Kathryn Cowley BVSc PgC SAM MRCVS
Kathryn grew up in rural Cumbria and was delighted when she achieved her childhood ambition of being accepted into vet school. On graduation, Kathryn initially thought she would like to work in mixed practice but soon realised that small animal medicine was her passion. Since graduating from Liverpool University in 2011 Kathryn has worked in the Northwest of England and now lives near Manchester with her fiancée, African grey parrot and crazy, hand reared cat!
Kathryn joined CAM in summer 2016 after meeting founder Hannah at a training course and being inspired by her passion for this great cause.
Kathryn kindly agreed to answer the following questions:
What are your thoughts on how we currently manage this common debilitating condition?
While there is no doubt that treatment for arthritis has improved hugely in recent years I think there is still along way to go. There are a huge number of options available for treatment which is great but I can see that it would be confusing for some owners, and some vets for that matter! One of the big problems I see is that owners simply don’t recognise the signs of arthritis in their pets until the disease is already quite advanced and their dog has potentially been suffering from pain for some time. Once the condition has been recognised, I feel the approach used by a lot of vets, nurses and owners is not multi-modal enough in nature. A lot of dogs are given a bottle of pain relief and expected to otherwise carry on as normal which for many patients is simply not possible and not enough. There needs to be better awareness of additional therapies that can be used, simple home adaptations that can be put into place and ways of monitoring pain at home that mean early sings of increased pain levels are not missed.
What do you feel is essential for managing arthritis successfully?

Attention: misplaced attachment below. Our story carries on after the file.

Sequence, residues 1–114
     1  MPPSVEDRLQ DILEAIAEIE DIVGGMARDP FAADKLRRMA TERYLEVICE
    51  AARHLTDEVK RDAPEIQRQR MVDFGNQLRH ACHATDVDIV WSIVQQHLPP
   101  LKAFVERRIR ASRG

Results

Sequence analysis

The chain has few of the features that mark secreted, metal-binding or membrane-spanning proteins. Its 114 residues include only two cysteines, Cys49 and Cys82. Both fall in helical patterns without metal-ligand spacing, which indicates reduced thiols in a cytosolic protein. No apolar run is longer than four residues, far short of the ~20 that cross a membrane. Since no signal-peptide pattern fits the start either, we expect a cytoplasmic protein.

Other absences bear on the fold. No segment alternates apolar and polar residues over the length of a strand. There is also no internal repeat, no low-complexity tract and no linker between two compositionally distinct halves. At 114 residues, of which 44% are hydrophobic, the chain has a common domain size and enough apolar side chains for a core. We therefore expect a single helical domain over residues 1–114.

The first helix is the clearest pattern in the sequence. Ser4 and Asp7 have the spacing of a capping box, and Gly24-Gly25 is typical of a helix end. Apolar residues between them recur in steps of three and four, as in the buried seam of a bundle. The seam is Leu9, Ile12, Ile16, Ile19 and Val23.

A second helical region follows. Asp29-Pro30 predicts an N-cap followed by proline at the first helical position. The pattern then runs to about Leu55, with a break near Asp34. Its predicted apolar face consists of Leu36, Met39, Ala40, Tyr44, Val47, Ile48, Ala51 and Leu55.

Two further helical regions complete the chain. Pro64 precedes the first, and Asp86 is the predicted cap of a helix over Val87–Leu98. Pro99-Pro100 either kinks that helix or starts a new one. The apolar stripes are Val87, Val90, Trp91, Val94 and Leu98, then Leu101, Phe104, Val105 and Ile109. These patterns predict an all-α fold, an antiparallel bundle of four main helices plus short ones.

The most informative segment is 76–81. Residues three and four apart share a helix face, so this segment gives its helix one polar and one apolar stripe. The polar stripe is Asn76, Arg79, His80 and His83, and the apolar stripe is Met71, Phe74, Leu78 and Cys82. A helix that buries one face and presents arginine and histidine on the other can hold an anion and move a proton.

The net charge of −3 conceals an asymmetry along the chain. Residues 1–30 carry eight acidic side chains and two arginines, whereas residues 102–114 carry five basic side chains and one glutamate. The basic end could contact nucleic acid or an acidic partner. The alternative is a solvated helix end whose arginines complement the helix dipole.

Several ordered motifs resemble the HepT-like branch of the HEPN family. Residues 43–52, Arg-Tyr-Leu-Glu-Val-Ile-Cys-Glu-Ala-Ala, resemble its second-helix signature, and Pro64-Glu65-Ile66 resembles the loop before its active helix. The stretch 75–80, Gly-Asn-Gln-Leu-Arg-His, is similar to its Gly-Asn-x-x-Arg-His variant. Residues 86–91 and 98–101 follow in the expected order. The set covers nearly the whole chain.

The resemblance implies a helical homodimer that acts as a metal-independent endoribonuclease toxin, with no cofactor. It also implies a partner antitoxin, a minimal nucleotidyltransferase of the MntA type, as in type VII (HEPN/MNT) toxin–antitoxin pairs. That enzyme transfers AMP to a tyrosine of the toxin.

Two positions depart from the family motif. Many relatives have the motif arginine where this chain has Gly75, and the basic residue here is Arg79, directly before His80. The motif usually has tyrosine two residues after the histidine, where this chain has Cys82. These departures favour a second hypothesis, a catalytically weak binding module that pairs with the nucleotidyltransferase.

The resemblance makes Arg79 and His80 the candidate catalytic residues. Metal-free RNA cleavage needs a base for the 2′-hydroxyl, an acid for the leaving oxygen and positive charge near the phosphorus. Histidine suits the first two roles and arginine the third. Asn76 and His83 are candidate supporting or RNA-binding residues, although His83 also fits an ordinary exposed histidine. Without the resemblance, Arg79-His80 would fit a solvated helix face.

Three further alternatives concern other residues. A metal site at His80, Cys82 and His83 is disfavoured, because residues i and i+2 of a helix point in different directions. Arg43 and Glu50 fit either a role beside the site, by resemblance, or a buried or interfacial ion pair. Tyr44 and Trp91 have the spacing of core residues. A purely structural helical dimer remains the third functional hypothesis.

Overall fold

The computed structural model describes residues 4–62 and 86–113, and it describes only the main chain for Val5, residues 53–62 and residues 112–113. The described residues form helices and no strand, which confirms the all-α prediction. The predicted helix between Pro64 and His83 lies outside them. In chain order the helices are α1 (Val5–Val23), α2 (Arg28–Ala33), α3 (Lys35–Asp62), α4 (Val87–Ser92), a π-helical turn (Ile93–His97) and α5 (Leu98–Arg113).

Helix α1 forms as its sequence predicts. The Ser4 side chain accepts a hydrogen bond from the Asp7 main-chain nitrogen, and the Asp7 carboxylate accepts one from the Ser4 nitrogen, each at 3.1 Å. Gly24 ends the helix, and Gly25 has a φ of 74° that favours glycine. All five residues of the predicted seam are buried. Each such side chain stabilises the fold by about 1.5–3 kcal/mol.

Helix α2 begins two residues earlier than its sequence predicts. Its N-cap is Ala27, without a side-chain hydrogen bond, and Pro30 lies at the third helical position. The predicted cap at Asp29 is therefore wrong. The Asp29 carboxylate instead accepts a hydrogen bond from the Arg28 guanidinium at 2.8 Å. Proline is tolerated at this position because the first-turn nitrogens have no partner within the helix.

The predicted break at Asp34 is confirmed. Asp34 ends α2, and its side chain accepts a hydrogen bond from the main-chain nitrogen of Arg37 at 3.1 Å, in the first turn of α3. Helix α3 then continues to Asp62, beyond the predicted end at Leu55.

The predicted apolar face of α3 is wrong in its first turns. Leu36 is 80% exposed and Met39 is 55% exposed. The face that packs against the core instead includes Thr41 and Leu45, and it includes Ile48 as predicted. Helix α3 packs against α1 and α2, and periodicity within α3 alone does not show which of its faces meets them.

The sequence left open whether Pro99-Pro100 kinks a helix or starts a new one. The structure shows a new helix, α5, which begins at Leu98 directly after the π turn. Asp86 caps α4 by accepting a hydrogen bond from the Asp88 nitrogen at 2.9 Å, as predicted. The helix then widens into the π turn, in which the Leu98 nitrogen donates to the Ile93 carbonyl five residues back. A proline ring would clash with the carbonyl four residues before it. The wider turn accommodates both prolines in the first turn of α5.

I think a good, open and honest relationship between the veterinary team and owner is essential. As vets we need to know if your dog wont take their medications, if they have days where they aren’t coping and if you wish you could do more. If we have advised your dog loose weight, exercise less or try physical therapies we need to know if you’re doing this or not as if your dog isn’t improving we need to work out why. I think as owners, knowing what to expect and having a clear plan of action for their pet is important.
Generally I think an understanding that quality of life is the most important thing is essential. I want to make sure you and your dog are motivated, happy and still enjoying your time together. We need to work as a team to do what’s best for you and your dog!
How do you see treatment options progressing over the next 10 years?
If a greater percentage of dogs with arthritis are on any form of treatment in 10 years time I’d be happy!
I hope to see further research and evidence for use of some treatments which are currently not well proven or well developed. We are seeing new options become available all the time. Stem cell therapy for example is something which has a lot of promise but I think more research needs to be done. Treatment options like this are currently not that widely available either so I would hope to see expansion in availability of a lot of these treatment options. I’d love to see a general increase in the understanding of how important a multimodal approach is to managing this disease well.
If you had chance to give one tip/piece of advice to an owner with a dog suffering from arthritis what would it be?
Please be honest with your vets about how you feel your dog is doing and don’t be afraid to ask us if there is more we can do or other avenues you can explore to help manage your dogs pain better. Remember your dog can’t come in to us on their own, they rely on you to bring them to us for help.